We speculate that the reason for the slightly lower proportion of guinea pig KO’s belonging to defined higher functional categories could be that the guinea pig gut harbors more bacteria that are not well described, than is the case for the human gut. Additionally, a higher amount of environmental bacteria (e.g. from soil) on the feed of the animals may cause a transient presence of soil bacteria encoding functions that are not essential to the gut microbial ecosystem, although this should not bias the general functions databases used. It thus appears that even the gut microbiome of a well-researched mammal living under human observation contains a wealth of undiscovered functionalities.
Herbivorous species (to which guinea pigs belong) typically harbour more phyla and have a higher richness on genus level than omnivores such as humans .
Consistently, on most taxonomic and functional levels the observed richness was higher in guinea pigs than in humans, while the diversity of human samples exceeded the diversity of guinea pig samples. Similarly, the lower diversity & higher richness in the KO and COG annotations points to a less specialized gut microbiota with redundant functionality present in many copies throughout the guinea pig microbiota. The guinea pig microbiota is probably more specialized in degrading a more homogenous type of food than the microbiota of the omnivore human host, thus a lower diversity is needed – e.g. the human microbiome may be more diverse because it meets more diverse types of nutrients. When looking at only the two highest level KEGG functional categories, we found that metabolism, but not information processing was overrepresented in the human samples, supporting that the two types of microbiotas differ with respect to the type of materials they metabolize.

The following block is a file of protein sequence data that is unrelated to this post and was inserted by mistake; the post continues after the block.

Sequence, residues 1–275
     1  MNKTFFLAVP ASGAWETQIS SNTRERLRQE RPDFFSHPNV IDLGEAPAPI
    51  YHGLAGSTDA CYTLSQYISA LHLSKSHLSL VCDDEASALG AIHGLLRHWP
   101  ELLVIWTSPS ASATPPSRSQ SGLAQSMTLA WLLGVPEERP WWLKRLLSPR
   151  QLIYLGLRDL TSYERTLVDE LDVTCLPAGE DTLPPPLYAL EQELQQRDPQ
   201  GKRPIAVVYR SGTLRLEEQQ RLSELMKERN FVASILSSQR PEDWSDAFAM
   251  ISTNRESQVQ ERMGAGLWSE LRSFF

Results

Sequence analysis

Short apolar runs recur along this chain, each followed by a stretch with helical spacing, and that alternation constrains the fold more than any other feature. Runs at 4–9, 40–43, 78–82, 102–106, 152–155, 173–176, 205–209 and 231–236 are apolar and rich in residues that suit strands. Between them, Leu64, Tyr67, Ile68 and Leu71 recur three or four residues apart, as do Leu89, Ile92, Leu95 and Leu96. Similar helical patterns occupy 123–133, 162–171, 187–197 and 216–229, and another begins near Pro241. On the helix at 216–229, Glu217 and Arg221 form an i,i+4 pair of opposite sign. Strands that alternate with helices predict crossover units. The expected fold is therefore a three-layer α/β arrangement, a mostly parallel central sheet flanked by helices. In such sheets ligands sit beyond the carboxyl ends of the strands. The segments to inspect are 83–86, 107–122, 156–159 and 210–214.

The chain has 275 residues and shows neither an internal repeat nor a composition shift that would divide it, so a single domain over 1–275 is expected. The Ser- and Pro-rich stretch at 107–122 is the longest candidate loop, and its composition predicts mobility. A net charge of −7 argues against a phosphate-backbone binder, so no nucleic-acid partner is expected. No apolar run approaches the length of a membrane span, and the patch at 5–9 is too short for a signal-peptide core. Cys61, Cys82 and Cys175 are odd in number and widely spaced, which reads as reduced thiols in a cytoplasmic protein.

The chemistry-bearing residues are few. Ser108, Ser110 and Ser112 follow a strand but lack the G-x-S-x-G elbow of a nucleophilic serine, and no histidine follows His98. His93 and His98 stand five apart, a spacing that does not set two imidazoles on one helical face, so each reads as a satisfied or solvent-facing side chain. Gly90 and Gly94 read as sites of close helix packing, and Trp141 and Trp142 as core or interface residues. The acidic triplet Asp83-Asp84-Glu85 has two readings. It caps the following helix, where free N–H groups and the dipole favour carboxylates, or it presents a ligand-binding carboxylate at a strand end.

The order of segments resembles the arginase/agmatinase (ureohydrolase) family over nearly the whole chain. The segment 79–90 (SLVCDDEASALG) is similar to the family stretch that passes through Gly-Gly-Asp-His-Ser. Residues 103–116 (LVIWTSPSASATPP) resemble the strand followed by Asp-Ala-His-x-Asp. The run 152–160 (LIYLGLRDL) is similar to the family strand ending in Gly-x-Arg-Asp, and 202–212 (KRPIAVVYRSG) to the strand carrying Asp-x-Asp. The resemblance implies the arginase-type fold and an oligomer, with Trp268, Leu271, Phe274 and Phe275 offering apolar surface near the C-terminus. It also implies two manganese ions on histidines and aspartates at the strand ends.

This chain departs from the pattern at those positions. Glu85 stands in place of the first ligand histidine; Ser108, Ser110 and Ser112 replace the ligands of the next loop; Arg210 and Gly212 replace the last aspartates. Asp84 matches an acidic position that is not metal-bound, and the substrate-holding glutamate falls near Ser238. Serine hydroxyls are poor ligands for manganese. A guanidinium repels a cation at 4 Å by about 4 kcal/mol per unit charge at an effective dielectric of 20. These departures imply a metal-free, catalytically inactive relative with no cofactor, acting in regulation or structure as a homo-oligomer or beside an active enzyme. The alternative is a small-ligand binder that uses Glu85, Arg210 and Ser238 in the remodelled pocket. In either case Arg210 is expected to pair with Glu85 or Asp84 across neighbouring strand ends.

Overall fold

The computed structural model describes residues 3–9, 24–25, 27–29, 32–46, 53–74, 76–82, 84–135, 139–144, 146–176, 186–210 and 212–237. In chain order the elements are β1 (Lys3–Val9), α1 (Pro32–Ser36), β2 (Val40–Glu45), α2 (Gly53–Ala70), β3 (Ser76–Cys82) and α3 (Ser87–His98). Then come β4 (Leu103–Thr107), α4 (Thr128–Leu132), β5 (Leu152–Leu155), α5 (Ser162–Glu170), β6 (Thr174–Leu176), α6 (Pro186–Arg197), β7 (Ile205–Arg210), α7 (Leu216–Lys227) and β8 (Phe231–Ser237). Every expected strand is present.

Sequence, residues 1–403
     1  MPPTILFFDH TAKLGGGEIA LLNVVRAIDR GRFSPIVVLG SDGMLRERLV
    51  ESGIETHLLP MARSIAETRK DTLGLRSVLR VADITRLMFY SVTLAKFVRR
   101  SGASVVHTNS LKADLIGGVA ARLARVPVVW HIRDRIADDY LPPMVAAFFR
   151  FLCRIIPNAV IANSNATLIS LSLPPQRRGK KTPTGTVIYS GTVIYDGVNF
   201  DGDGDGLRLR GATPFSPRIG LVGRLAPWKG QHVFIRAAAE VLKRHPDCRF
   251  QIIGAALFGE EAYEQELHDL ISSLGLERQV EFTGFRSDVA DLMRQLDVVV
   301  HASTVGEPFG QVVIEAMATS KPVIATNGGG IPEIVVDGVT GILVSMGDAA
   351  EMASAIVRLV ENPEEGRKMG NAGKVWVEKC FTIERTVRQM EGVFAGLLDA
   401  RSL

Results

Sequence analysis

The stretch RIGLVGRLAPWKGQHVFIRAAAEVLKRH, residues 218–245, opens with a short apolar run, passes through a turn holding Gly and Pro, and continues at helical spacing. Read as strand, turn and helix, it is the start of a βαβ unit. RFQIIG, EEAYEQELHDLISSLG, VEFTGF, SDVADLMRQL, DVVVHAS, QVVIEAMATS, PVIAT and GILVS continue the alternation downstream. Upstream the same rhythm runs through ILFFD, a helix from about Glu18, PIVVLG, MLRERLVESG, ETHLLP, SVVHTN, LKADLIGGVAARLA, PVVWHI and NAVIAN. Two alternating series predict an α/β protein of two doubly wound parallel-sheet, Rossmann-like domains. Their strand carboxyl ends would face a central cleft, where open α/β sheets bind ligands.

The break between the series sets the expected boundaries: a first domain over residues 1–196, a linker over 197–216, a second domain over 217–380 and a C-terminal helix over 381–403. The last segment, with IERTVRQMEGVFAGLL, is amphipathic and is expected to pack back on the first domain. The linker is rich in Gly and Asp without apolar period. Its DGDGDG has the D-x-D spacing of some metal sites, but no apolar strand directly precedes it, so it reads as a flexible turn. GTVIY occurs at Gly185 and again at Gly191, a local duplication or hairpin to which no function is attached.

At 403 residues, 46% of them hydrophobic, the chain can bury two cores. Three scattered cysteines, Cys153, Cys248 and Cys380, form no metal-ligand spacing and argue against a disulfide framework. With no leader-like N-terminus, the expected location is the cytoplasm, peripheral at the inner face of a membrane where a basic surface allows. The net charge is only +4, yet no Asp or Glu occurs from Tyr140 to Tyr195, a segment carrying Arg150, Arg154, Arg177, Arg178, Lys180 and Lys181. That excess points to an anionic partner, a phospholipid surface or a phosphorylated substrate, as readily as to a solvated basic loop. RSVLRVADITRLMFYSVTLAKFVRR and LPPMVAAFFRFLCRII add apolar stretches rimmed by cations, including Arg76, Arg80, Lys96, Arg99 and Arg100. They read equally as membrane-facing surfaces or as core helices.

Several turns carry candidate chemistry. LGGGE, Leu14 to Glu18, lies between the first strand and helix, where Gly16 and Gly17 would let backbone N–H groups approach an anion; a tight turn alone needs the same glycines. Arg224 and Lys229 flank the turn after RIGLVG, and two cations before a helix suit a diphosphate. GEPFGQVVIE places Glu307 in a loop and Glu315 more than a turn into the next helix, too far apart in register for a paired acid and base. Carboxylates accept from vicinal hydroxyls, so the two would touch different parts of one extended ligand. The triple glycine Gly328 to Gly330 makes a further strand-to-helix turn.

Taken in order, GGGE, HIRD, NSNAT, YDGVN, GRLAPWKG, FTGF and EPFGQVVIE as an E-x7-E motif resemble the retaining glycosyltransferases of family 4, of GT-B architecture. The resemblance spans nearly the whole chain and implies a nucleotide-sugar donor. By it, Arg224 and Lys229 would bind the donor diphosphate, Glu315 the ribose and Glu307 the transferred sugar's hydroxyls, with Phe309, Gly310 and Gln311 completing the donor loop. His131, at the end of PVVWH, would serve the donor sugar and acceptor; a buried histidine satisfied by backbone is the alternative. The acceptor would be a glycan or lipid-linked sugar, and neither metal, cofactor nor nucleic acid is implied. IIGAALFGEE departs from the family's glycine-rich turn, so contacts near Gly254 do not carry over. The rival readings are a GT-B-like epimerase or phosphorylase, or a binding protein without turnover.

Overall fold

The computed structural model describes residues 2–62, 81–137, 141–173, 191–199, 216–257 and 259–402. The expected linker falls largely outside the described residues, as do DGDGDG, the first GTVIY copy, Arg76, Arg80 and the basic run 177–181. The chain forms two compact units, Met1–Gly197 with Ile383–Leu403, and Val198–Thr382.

Although most higher functional categories were most abundant in human samples, functions related to cell wall and DNA metabolism as well as carbohydrate biosynthesis (Figure4) are among the few functional categories significantly more abundant in guinea pigs. This might be because the fecal pellets from guinea pigs are much drier than human feces, which will likely require the bacteria to be more robust in sustaining continuous dehydration and rehydration, and thus to e.g. be able to re-synthesize bacterial cell wall components and polysaccharide structures of the outer membrane . Since guinea pigs practice coprophagy (re-ingestion of feces), the gut bacteria will have undergone repetitive cycles of dehydration/rehydration selecting for these traits, as well as for bacteria that can sustain the hostile environment of the stomach and digestive system. However, it should be noted that the SEED family containing traits directly related to desiccation stress was not overrepresented in guinea pigs.